// In the following line, the result has a sequence.
db.Customers.GroupBy(c => c.City);
' In the following line, c.Orders is a sequence.
db.Customers.Select(Function(c) New With {c.CustomerID, c.Orders})
' In the following line, the result has a sequence.
db.Customers.GroupBy(Function(c) c.City)

Visual Basic Function Translation

The following helper functions that are used by the Visual Basic compiler are translated to corresponding SQL operators and functions:

  • CompareString

  • DateTime.Compare

  • Decimal.Compare

  • IIf (in Microsoft.VisualBasic.Interaction)

Conversion methods:

  • ToBoolean
  • ToSByte
  • ToByte
  • ToChar
  • ToCharArrayRankOne
  • ToDate
  • ToDecimal
  • ToDouble
  • ToInteger
  • ToUInteger
  • ToLong
  • ToULong
  • ToShort
  • ToUShort
  • ToSingle
  • ToString

Inheritance Support

Inheritance Mapping Restrictions

For more information, see How to: Map Inheritance Hierarchies.

Inheritance in Queries

C# casts are supported only in projection. Casts that are used elsewhere are not translated and are ignored. Aside from SQL function names, SQL really only performs the equivalent of the common language runtime (CLR) Convert. That is, SQL can change the value of one type to another. There is no equivalent of CLR cast because there is no concept of reinterpreting the same bits as those of another type. That is why a C# cast works only locally. It is not remoted.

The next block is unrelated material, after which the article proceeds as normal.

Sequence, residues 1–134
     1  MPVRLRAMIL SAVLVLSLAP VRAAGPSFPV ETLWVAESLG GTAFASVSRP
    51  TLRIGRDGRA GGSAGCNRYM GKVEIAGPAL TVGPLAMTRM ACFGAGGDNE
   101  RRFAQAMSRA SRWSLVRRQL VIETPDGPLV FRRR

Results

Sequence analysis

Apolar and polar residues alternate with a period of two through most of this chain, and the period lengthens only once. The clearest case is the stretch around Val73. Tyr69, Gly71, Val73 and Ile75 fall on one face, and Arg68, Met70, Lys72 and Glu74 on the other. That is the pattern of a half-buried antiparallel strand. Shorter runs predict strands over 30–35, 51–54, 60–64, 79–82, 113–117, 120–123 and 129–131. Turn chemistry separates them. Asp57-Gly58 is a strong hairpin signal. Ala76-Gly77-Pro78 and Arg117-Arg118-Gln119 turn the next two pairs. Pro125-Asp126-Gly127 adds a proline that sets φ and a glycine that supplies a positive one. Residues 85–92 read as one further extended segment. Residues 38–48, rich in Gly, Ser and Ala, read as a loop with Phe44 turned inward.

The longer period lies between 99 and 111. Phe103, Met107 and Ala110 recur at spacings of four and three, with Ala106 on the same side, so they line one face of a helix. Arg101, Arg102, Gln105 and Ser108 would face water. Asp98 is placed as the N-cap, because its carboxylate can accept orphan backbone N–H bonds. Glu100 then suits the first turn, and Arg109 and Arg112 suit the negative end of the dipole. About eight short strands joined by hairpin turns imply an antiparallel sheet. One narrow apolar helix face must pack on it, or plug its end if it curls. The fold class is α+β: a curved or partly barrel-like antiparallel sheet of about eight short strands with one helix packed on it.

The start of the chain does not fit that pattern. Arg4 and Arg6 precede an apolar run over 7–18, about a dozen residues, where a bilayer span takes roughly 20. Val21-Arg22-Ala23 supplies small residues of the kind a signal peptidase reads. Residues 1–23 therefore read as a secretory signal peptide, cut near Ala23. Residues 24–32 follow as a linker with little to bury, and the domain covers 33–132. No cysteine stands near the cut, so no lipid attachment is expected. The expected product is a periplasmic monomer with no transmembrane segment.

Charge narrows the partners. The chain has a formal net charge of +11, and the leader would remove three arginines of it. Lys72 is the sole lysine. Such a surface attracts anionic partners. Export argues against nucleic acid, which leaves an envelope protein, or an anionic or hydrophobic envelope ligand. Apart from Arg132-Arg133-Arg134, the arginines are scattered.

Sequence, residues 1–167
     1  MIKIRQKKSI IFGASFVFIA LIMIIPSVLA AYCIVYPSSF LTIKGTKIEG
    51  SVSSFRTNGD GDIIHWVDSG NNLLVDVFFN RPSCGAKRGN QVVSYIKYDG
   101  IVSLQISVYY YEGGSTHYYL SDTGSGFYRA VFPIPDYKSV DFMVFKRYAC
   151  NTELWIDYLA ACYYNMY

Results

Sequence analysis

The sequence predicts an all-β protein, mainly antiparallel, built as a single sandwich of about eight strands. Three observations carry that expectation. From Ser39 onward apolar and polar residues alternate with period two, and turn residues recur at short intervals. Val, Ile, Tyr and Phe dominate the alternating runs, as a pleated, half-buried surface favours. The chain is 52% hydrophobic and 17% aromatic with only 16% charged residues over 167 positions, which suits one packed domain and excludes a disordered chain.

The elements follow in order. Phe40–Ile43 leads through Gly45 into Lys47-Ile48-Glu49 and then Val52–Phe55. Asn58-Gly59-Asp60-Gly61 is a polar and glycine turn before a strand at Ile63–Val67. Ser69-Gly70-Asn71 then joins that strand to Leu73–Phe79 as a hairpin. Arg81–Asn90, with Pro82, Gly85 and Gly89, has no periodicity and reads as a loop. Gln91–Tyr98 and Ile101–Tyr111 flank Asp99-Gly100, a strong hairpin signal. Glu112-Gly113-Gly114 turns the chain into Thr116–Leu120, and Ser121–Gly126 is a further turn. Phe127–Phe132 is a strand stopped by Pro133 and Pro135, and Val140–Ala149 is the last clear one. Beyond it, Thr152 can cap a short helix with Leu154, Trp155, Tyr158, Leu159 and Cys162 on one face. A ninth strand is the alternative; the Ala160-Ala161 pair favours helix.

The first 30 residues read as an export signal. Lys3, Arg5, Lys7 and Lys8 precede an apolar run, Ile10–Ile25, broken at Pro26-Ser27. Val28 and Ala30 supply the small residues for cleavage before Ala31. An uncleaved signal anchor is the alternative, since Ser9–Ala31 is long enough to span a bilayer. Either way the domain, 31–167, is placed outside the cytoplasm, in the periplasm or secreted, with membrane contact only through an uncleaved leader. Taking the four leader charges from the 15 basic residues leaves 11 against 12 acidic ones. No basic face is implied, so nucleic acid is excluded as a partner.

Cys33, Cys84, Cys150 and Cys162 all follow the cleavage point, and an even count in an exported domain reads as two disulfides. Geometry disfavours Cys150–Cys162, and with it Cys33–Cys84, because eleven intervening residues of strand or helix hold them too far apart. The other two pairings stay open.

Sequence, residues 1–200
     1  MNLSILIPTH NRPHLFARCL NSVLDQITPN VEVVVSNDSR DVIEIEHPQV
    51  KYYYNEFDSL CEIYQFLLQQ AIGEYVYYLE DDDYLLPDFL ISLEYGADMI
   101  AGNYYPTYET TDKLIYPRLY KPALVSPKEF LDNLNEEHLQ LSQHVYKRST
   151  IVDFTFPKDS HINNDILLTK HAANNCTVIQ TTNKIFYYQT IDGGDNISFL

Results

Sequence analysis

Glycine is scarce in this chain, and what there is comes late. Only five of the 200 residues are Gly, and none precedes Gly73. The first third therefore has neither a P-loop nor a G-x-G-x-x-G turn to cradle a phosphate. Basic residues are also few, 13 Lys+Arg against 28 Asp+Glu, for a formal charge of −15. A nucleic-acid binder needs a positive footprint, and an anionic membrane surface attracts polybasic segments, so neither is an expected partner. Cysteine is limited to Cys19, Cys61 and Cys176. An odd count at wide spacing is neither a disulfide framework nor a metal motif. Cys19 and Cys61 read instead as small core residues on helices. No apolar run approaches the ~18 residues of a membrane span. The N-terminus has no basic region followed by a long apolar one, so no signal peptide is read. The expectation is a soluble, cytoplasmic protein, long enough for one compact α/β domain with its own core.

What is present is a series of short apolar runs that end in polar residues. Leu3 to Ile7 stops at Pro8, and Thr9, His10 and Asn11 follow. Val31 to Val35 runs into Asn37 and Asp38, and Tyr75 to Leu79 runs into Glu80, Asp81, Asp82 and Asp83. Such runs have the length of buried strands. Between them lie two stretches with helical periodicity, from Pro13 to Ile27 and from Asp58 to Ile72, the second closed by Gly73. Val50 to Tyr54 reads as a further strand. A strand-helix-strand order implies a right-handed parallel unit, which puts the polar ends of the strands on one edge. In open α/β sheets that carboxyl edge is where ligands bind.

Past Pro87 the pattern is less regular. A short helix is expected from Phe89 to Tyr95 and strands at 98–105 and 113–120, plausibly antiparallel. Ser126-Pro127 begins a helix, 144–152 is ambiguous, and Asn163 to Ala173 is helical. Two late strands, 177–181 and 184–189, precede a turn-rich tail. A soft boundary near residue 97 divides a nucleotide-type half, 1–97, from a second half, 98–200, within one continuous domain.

The operators, is and as, and the GetType method are not restricted to the Select operator. They can be used in other query operators also.

SQL Server 2008 Support

Starting with the .NET Framework 3.5 SP1, LINQ to SQL supports mapping to new date and time types introduced with SQL Server 2008. But, there are some limitations to the LINQ to SQL query operators that you can use when operating against values mapped to these new types.

Unsupported Query Operators

The following query operators are not supported on values mapped to the new SQL Server date and time types: DATETIME2, DATE, TIME, and DATETIMEOFFSET.

  • Aggregate

  • Average

  • LastOrDefault

  • OfType

  • Sum

For more information about mapping to these SQL Server date and time types, see SQL-CLR Type Mapping.

SQL Server 2005 Support

LINQ to SQL does not support the following SQL Server 2005 features:

  • Stored procedures written for SQL CLR.

  • User-defined type.

  • XML query features.